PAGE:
Efforts of Nigerian Dons in Diaspora to Contribute to the Development of Tertiary Education should be Formalized- US-based Nigerian Intellectual

A US based Nigerian university teacher, Professor Farooq Kperogi has advocated that the efforts of Nigerians teaching in universities across the world and aimed at developing the homeland should be formalized and systemized. Kperogi, who is a professor of Communication at the Kennesaw State University in the United States, said this during an interview with AbitoCitta recently.  He posited that Nigerian academics in the Diaspora need encouragement to come home and contribute their quota to the system.

A fiery writer and a regular columnist in some notable Nigerian news media, Kperogi averred that Nigeria university teachers in the Diaspora have a number of ways to assist Nigerian universities to grow. He pointed at spending sabbaticals in home universities, establishing formal linkages between their universities and Nigerian universities, supervising postgraduate students and becoming virtual adjunct professors as some of the ways through which Nigerians in academic institutions across the globe could contribute to the development of the universities in the country. He noted that some people have been doing these and more, yet, he emphasized the need to make the interventions official and well formalized.

Not Sold on the Narrative of Archaic Curriculum

The regular columnist of Notes from Atlanta also spoke to AbitoCitta on other issues observed in the Nigerian education landscape and journalism. On the supposed archaic curriculum run in the Nigerian tertiary institutions which many have berated for the rising unemployment in the country, Kperogi disagreed and opined “I am sorry I am not entirely sold on this narrative. While it’s true that standards have fallen over the years, the extent of the fall is often exaggerated. These sorts of narratives are often activated by chronological snobbery and declinism, that is, the ever-present notion that people in every generation hold about generations that succeed them. There was never a time when people thought standards were high, but they almost always valorize moments that recede into the dim and distant past, even if they didn’t think highly of those moments during their time.”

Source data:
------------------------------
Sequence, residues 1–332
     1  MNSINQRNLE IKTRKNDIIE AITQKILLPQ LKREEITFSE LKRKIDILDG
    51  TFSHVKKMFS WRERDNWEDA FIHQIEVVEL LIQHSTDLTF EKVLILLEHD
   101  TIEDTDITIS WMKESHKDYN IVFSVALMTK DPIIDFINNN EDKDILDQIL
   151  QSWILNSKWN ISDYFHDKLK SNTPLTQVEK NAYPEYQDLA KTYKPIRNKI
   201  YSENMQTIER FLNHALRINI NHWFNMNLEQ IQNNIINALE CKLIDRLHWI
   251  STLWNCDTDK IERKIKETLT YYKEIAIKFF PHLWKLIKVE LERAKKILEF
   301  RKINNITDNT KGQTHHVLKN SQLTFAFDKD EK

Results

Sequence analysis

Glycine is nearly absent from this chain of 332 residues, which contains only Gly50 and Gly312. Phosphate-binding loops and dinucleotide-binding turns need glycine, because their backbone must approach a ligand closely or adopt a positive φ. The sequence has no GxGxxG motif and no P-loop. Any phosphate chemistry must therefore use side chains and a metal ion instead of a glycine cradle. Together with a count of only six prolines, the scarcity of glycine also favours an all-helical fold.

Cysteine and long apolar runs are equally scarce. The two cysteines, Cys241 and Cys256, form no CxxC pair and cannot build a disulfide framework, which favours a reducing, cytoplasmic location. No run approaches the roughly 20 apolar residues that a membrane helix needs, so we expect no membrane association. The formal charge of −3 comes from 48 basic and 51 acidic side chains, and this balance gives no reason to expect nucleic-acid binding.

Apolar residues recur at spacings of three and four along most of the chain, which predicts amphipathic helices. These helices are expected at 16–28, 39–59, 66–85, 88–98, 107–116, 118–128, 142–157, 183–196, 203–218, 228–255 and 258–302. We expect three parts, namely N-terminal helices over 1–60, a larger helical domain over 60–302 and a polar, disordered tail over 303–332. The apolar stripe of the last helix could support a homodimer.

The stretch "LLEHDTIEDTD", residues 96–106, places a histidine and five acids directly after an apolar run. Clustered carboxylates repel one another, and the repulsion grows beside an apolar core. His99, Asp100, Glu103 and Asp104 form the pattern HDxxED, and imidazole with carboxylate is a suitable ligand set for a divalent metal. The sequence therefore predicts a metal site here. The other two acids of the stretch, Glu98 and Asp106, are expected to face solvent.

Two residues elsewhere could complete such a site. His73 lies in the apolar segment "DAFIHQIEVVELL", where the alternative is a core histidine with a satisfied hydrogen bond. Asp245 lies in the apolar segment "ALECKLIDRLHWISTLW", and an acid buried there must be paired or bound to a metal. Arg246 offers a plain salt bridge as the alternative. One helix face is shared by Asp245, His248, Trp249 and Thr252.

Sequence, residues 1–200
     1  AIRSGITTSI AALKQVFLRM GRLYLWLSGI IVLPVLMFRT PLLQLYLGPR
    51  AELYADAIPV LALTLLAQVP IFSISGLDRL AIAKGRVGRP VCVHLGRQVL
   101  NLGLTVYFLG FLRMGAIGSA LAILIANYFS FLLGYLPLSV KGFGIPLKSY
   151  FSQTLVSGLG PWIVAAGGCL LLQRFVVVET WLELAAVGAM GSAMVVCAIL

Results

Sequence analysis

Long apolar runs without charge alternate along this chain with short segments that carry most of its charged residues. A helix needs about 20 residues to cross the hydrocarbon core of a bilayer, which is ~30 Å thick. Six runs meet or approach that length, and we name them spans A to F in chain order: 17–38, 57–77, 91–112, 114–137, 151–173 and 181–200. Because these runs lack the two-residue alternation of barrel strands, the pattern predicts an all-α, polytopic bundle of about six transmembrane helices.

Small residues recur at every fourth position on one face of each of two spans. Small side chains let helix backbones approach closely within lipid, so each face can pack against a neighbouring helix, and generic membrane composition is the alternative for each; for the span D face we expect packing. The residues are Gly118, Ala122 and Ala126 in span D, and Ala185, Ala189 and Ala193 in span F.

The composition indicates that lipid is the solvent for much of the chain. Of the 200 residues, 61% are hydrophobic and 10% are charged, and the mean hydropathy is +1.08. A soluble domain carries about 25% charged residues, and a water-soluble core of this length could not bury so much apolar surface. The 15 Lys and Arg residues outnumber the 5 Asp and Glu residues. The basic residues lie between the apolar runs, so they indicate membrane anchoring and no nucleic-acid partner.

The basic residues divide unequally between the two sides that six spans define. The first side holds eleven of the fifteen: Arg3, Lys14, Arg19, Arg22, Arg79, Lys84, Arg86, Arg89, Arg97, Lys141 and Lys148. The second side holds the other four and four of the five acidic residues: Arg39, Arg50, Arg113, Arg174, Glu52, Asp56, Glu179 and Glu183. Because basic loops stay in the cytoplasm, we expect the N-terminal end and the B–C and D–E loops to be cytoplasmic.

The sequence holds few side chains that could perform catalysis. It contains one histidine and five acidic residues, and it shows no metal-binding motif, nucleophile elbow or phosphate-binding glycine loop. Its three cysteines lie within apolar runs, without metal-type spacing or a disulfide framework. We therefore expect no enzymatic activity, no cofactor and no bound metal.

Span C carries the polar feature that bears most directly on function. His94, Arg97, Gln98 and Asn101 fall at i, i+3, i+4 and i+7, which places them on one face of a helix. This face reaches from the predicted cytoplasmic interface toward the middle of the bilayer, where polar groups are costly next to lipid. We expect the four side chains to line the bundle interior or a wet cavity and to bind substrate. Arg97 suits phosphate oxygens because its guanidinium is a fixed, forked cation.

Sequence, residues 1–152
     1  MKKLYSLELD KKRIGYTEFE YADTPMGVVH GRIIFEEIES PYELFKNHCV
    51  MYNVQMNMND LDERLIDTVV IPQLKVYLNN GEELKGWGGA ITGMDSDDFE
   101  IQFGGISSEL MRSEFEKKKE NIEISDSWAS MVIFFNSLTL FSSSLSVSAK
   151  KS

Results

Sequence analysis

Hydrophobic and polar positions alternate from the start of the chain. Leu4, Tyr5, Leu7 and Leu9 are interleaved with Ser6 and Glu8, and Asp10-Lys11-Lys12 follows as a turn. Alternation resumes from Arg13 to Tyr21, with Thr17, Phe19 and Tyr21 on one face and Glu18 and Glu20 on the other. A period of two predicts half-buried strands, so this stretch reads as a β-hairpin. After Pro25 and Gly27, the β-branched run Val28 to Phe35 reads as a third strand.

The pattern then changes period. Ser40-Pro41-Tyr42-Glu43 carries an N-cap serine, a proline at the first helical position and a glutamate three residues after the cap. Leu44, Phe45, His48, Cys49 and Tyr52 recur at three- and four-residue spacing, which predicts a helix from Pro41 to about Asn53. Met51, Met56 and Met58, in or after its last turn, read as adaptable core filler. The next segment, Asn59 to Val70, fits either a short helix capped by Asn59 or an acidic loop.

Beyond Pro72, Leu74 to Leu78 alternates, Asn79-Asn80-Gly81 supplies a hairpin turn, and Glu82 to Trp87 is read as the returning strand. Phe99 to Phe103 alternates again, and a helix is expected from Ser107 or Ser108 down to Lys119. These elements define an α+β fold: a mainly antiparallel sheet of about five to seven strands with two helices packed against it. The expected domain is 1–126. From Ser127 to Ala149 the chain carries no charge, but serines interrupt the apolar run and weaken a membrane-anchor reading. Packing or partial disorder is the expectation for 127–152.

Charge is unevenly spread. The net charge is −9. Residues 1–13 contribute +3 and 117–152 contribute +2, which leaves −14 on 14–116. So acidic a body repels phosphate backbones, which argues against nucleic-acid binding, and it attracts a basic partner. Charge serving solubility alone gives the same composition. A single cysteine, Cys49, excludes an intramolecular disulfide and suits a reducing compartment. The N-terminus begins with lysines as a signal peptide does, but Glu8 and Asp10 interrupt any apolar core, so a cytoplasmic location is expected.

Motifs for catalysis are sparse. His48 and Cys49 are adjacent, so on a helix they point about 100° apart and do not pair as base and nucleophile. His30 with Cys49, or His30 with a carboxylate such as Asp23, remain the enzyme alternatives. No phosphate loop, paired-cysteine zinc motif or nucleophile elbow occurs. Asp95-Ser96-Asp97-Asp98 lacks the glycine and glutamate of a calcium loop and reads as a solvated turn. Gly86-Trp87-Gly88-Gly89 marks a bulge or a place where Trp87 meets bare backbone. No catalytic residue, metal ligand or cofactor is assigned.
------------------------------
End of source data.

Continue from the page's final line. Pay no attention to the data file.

The professor of Communication went down the memory “When I was an undergraduate from the early to the mid-1990s, people used to say standards had already collapsed. Today, my contemporaries say we had better education than the people who came after us. The truth is that there are always bad and good students in every era. Sometimes, it’s not even the universities as such that nourish talents; smart people just go the universities. In spite of what we say about the decline in the quality of education in Nigeria, I have encountered amazing talents from several young Nigerians who passed through our public universities.” However, he acknowledged the issues facing the universities in Nigeria. He said “I am not by any means suggesting that everything is hunky-dory in Nigerian higher education. Far from it. I have written scores of columns about pedagogical unaccountability and tyranny in Nigerian universities, infrastructure decay, lax standards in doctoral education and promotion of academic staff, and so on. I just wanted to point out that notions of decline are often the product of a chronocentric cognitive bias.”

Nigerian Media not as Fierce as they were during the Military Regimes  

On his view about the state of journalism in Nigeria, Kperogi faulted the Nigerian media for not playing the watchdog role in the democratic dispensations as it was during the military regimes. He said “the irony of the history of press freedom in Nigeria is that the news media tend to play the watchdog role ascribed to them during military regimes better than they do during civilian governments. With a few honourable exceptions, since 1999, the news media have been either uncharacteristically quiescent or outright complicit in the face of enormous governmental malfeasance’’, he concluded.

Farooq Kperogi had his university education across institutions in Nigeria and the United States. He had a Bachelor of Arts in Mass Communication from Bayero University, Kano; a Master’s  Degree from the University of Louisianna and a PhD from Georgia State University both in Communication. He has several publications to his credit. Before leaving the shores of the country, Kperogi had served in different capacities such as staff writer, feature editor, reporter/researcher, editorial consultant and columnist to different media outlets including New Nigerian, Nigerian Tribune, Daily Trust and others.    

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